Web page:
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Letters from the CEO

Posted May. 28, 2005 03:26,   


In the summer of 1998, when all the society was reeling under the International Monetary Fund (IMF) crisis, the “Cheil Industries Renovation” mission befell construction and machinery supervising representative and vice-president of Samsung Heavy Industries Co., Ltd. Ahn Bok-hyun.

As a holding company of Samsung group, Cheil Industries faced Korea’s economic highs and lows steadily, but lapsed to become a burden within the group as the company started to record continuous losses into the mid-1990s.

Following his inauguration, without time to grasp the company’s situation, Ahn diligently rushed from one establishment to another, only to be dismayed by the cold and dark faces of the employees.

In their hopeless expressions, he could plainly read their thoughts that said, “This company may go bankrupt at any moment, so I should just wait for my paycheck as a temporary employee.”

What can I do to cure the sickness felt in the hearts of the workers and the consequently ailing company?

Ahn decided to write emails. He roused his workers, notifying them of any change in the company’s current position with transparency, in order to transfer messages from the top with precision to even the female employees in the lowest of the hierarchy.

First, Ahn frankly announced that the company was in a crisis. He emphasized that imparting knowledge of the company’s vision and directions to every worker was necessary to overcome the crisis, and put his words into action. His integrity gradually melted the cold hearts of the workers and fueled an atmosphere that encouraged participation in a revolution.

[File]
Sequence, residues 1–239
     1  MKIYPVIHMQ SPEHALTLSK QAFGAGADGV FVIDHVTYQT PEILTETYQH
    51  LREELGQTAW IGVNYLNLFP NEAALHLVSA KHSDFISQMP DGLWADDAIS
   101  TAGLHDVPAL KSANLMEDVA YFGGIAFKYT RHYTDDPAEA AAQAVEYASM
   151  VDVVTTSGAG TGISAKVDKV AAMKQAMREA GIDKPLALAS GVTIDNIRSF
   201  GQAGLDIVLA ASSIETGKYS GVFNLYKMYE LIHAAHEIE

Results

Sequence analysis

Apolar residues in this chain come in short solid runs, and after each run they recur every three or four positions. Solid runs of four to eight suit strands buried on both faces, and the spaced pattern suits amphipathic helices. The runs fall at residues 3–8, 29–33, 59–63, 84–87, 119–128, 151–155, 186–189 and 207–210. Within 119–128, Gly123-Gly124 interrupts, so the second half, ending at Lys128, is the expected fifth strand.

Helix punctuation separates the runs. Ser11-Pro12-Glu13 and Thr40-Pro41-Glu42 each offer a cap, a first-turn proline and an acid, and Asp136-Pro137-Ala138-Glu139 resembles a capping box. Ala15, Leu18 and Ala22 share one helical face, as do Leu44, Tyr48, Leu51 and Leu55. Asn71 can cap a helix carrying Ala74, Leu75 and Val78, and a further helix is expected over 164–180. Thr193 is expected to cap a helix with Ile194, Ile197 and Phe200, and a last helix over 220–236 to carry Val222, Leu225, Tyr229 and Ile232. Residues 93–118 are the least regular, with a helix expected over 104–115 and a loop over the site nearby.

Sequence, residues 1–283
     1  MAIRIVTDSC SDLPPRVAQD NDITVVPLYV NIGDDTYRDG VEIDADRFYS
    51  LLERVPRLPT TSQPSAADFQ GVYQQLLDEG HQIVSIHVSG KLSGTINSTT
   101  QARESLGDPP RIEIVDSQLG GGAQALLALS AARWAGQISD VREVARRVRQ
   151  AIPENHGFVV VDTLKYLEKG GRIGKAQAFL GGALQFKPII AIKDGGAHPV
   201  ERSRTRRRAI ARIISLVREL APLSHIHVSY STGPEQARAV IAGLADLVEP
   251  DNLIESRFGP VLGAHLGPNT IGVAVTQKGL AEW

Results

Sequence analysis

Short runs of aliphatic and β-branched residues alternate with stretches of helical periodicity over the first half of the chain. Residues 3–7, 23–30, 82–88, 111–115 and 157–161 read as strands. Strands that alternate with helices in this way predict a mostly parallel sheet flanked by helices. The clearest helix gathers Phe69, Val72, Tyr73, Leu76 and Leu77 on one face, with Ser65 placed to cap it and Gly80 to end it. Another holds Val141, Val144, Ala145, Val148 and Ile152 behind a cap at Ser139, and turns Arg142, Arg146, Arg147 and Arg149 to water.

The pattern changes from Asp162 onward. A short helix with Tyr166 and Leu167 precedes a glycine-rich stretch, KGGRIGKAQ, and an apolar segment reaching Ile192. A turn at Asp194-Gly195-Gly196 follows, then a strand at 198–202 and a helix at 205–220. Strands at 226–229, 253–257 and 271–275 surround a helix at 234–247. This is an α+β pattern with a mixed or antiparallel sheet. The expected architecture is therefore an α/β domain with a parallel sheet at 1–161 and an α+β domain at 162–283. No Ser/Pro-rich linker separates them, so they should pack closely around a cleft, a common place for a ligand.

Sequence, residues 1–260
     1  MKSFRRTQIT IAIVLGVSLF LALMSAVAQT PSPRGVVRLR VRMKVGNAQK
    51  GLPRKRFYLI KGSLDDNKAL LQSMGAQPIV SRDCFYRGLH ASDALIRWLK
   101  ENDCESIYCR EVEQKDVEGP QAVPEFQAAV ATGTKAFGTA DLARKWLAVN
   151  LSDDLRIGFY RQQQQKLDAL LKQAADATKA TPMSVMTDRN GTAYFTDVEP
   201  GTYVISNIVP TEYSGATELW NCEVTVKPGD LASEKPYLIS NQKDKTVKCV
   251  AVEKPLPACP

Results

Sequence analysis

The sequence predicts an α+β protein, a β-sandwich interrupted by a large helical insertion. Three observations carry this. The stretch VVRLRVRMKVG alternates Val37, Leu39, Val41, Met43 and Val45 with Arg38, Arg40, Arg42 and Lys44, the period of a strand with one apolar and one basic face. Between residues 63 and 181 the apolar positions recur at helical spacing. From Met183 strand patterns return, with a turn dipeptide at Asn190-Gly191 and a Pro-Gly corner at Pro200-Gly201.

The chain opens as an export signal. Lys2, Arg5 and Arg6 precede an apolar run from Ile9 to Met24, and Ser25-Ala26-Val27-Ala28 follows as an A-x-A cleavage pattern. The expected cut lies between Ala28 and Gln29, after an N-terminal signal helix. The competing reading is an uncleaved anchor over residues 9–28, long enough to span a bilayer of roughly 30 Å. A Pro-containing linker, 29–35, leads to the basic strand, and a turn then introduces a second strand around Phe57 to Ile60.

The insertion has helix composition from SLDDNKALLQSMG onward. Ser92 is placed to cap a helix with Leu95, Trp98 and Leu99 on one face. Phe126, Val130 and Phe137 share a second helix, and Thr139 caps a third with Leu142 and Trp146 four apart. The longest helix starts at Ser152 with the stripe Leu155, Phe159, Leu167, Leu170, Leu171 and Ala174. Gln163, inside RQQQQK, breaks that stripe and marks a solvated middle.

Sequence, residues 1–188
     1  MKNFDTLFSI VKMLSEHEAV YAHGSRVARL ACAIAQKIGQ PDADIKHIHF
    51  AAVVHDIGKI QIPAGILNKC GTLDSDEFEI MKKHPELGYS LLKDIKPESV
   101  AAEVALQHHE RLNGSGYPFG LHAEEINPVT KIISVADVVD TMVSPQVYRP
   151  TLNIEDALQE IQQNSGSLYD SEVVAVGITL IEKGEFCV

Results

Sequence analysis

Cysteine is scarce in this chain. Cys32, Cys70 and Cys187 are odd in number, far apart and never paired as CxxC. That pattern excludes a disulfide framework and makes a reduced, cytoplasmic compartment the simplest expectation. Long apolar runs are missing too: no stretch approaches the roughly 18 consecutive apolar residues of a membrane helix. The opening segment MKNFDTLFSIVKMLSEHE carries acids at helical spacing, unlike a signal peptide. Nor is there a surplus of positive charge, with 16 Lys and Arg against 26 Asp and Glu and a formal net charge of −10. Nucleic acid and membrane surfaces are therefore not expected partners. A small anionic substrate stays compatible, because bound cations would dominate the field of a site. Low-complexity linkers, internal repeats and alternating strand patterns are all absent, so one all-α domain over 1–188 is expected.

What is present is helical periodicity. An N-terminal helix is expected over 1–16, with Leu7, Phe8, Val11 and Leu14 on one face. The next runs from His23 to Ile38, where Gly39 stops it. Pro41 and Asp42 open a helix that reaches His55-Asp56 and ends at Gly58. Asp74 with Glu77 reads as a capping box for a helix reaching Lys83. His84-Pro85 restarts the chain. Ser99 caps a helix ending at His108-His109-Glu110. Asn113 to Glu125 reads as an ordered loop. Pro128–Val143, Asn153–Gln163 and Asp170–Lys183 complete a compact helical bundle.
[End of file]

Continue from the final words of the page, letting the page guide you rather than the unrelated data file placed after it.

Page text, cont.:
He publicly applauded employees who reduced costs, and appealed to abortive deficit sectors with urgent explanations. Consideration of employees was not merely lip service, but a vow to look after his juniors and dauntlessly retrospect on his own actions.

This book is a compilation of 82 emails (the original manuscript is about 7,000 pages) that the author sent to employees over the period of six years until his retirement in 2004. The devotion and passion, perspiration and aspiration of a CEO (Chief Executive Officer) who successfully transformed a flagging business are imbued into this book.

His efforts bore fruit. Just one year after his induction, the company went from 44 billion won in deficit to 48 billion won in surplus, and consecutively recorded profits: 80 billion won in 2000, 120 billion won in 2001, and 160 billion won in 2002.

His managerial methods, such as downsizing troubled sectors, structurally adjusting future businesses, education, and infrastructure innovation, amongst others, were not new ideas. Upon reading the book, however, one realizes that administration is not a problem of method, but a “people problem” that consisted of unifying the hearts of employees.

So-called global and multinational companies may have success stories based on innovative methods, but a company body without the understanding and participation of workers is futile. This book vibrantly proves that the beginning and end of innovation is in winning and moving the hearts of employees.

un-MyungHuh angelhuh@donga.com